The Creek Is Alive!

Yesterday, I was surprised to find that the lower reach of West Nose Creek’s channel is open and the water is flowing. In its slow flow areas I could see lots of life, hugging the shallow stream bank. Mainly water boatman, but I did spot a few of what I thought to be midge larva. It was a nice day and great light for photography. Mainly last year’s plants were on my mind, so that is what my shots were going to focus on. But I also got a few photos of some planting sites from 2014.

These willows were planted in 2014, on West Nose Creek. They are now providing excellent habitat on the stream banks. This part of the stream channel was north facing, so the ice was still holding onto the stream bank.
There is a mix of plants from 2018 and 2019 in this batch. Some of the cuttings are smaller diameter, but they still grow great! Planting small is good!

The small diameter cuttings are extras that I plant every year. Due to their smaller diameter, they are not included in the total plant count. When I am collecting cuttings for planting, some of the tops are long enough to plant, so I grow them and plant them. Why waste good growing stock! They are a little more difficult to plant, but they do very well. What a beautiful day for being out of the house and along a creek that you love!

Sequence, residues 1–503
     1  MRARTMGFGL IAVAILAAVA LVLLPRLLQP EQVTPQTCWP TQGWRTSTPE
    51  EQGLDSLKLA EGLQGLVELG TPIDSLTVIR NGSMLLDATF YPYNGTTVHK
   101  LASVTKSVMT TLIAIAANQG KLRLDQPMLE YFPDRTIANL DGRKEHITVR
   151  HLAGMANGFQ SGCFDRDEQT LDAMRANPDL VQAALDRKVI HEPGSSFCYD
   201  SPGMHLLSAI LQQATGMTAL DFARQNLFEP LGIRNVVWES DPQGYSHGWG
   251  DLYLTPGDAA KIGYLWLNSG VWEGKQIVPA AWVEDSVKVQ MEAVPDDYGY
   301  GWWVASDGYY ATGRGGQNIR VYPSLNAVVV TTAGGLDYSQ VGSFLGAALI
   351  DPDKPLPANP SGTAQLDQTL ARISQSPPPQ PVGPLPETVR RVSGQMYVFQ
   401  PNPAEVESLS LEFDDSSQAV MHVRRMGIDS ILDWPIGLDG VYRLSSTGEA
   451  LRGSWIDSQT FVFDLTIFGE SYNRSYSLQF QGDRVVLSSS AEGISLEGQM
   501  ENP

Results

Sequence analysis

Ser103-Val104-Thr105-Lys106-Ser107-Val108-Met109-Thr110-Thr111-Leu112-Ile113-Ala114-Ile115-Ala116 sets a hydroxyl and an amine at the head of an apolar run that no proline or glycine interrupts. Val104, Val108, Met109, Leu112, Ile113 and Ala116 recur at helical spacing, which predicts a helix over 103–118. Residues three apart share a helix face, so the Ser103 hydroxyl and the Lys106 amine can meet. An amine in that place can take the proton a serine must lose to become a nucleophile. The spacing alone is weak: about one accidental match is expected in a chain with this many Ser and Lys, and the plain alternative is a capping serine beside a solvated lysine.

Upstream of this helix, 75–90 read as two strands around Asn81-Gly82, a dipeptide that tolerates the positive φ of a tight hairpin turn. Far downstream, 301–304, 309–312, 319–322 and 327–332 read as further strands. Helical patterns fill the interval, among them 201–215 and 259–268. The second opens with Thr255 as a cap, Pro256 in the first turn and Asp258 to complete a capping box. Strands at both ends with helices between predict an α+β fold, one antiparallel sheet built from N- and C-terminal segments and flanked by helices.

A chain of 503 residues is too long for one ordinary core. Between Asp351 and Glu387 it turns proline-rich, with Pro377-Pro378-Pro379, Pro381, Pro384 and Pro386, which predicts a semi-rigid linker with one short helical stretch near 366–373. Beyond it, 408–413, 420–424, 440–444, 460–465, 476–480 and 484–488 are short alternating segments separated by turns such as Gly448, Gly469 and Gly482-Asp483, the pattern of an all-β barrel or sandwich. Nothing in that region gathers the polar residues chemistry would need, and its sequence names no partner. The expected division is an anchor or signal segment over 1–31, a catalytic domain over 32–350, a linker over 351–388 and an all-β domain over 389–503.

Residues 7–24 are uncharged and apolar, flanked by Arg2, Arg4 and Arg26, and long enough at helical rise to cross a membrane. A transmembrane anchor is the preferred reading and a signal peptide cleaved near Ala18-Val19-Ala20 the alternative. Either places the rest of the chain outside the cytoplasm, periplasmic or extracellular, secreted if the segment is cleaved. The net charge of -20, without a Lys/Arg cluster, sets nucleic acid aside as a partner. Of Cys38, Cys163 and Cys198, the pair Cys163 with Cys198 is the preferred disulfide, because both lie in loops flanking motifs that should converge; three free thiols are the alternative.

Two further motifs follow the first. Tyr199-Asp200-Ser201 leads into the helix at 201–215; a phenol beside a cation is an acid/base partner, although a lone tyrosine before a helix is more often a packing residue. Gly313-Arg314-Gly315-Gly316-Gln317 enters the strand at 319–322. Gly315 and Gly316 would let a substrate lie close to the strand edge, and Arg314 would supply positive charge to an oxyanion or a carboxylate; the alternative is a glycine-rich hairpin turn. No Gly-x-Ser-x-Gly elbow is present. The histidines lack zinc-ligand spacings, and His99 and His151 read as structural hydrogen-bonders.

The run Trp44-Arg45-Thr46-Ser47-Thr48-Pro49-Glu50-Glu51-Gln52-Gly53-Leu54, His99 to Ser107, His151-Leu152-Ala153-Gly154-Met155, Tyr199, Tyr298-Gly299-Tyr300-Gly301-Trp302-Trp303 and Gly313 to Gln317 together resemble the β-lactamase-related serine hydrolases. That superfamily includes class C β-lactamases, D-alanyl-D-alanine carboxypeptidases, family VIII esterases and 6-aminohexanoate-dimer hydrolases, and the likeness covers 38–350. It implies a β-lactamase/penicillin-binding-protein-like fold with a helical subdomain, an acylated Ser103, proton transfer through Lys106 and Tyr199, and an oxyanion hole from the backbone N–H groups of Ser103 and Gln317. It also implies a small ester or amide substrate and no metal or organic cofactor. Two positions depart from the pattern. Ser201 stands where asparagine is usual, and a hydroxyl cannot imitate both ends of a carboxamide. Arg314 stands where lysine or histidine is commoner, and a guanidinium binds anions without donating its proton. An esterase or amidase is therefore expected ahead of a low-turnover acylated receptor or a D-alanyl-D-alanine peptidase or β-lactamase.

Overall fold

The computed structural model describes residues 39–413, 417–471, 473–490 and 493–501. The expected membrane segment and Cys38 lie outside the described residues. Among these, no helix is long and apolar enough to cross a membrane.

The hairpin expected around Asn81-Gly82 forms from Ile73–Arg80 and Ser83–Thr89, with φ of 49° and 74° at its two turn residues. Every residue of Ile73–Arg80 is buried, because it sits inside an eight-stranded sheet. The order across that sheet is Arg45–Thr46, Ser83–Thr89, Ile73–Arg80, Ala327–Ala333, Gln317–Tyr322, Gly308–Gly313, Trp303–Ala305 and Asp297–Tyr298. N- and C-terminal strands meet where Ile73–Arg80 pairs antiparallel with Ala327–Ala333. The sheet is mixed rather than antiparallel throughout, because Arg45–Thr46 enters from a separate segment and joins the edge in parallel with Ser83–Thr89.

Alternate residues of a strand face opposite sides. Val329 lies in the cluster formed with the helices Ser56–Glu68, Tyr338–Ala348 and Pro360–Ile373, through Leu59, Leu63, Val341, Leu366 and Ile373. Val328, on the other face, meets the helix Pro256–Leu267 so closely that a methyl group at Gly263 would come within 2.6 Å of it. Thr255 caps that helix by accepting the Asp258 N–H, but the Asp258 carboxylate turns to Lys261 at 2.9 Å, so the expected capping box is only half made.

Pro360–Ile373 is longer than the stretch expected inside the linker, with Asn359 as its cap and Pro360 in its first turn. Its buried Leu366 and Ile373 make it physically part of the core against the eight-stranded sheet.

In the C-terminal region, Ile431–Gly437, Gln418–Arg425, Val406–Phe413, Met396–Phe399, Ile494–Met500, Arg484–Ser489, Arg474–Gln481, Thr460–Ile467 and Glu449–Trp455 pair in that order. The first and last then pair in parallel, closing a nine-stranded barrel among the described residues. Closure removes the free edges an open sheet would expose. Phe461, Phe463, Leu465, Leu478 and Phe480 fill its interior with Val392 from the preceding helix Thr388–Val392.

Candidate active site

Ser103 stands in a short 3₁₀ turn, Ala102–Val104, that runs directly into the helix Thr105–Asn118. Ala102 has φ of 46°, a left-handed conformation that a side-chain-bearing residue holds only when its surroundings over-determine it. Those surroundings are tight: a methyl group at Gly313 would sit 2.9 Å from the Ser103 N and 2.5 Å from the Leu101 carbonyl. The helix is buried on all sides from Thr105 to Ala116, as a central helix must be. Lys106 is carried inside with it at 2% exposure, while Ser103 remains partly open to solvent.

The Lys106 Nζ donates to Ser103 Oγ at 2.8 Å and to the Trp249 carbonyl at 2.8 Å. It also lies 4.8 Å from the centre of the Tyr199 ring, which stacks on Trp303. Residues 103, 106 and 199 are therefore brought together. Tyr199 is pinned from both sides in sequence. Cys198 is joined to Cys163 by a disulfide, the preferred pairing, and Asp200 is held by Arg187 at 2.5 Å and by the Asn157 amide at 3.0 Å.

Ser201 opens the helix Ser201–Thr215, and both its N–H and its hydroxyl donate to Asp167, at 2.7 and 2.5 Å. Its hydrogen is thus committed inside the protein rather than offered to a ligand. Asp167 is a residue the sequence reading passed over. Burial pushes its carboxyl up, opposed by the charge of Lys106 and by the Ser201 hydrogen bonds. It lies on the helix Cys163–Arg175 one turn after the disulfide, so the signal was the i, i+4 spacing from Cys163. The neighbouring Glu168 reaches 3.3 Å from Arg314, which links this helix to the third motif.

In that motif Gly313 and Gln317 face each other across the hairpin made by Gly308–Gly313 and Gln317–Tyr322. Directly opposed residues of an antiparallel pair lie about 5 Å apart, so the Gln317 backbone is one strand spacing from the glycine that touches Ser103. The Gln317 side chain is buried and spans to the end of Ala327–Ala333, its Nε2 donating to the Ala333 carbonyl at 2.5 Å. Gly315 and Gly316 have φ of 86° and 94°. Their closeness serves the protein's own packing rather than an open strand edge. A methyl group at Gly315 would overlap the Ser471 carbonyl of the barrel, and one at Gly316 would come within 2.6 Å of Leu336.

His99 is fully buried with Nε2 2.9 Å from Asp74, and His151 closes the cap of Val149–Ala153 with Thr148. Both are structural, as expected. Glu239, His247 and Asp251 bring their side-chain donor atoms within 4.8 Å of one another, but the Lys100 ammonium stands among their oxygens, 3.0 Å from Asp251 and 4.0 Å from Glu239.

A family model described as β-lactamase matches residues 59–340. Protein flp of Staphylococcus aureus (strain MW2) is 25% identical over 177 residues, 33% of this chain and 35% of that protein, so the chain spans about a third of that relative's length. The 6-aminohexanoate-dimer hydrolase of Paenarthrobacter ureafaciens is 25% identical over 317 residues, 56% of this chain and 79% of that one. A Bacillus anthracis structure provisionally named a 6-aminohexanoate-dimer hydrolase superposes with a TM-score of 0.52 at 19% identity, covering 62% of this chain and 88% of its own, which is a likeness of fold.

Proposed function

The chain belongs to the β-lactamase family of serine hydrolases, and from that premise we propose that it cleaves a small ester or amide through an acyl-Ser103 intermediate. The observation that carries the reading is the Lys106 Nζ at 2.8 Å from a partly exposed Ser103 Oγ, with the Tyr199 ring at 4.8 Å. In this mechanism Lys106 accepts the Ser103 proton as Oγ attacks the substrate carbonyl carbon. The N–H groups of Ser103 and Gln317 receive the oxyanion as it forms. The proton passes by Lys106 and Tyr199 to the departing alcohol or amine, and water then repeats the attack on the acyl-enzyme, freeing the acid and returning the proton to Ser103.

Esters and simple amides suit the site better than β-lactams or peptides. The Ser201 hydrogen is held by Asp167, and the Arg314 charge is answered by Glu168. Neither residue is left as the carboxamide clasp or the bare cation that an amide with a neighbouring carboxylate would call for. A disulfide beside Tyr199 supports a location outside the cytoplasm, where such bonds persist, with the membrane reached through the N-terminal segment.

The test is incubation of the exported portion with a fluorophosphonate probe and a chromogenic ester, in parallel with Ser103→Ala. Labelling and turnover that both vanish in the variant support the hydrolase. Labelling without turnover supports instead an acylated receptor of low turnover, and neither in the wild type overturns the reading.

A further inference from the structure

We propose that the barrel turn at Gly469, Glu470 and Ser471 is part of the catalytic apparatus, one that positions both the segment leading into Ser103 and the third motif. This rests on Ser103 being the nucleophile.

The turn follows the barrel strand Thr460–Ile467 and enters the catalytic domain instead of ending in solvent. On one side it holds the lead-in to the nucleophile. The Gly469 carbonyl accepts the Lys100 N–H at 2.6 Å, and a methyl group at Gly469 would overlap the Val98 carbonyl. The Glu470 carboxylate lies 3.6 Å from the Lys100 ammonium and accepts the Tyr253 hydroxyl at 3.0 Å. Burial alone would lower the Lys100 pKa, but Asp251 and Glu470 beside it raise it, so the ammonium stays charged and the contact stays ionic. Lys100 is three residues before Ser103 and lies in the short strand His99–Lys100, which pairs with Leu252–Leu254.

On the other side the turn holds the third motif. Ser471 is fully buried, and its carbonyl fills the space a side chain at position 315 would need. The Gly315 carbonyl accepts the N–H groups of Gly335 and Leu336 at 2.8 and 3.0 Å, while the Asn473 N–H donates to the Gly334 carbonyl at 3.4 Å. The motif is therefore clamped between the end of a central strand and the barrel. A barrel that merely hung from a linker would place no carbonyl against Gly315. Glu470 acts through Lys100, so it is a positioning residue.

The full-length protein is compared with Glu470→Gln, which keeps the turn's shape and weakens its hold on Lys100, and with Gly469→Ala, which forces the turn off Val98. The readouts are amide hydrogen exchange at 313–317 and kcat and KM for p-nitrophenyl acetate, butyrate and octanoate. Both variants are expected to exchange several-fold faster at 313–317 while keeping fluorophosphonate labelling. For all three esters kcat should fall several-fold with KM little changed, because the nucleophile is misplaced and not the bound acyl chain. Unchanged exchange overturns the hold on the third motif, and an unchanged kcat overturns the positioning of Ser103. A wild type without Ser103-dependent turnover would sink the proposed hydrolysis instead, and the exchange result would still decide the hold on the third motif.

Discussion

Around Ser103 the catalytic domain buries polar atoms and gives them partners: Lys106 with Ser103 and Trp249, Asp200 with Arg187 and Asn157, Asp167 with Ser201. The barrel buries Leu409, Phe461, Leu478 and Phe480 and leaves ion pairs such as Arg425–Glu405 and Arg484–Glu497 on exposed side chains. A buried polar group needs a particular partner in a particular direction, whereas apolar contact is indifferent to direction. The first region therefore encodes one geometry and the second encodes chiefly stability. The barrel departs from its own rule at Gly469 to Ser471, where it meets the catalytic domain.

My first attempt at growing and planting willows and poplars involved smaller diameter cuttings that had been growing for a few months. The addition small diameter cuttings, under 1/4 inch in diameter, makes the planting system that much more efficient and productive. The more plants, the more survivors, after planting. Come planting time, I always include approximately 10 to 16 small diameter cuttings in the bundles of 100 normal size cuttings. So the total per bundle is substantially higher than the recorded and documented count.

These willows were planted in 2018. Wait until you see them a couple of years from now!
The willows that we planted in the spring of 2019, were growing fast along this riffle in West Nose Creek. hopefully they will all survive. They made it their first winter!

The key to success in this planting system is quantity! There must be many thousands of plants planted to witness quantitative results over the years. The more the merrier! This year’s crop may be smaller than in previous years, but it is still in the thousands that will be planted.

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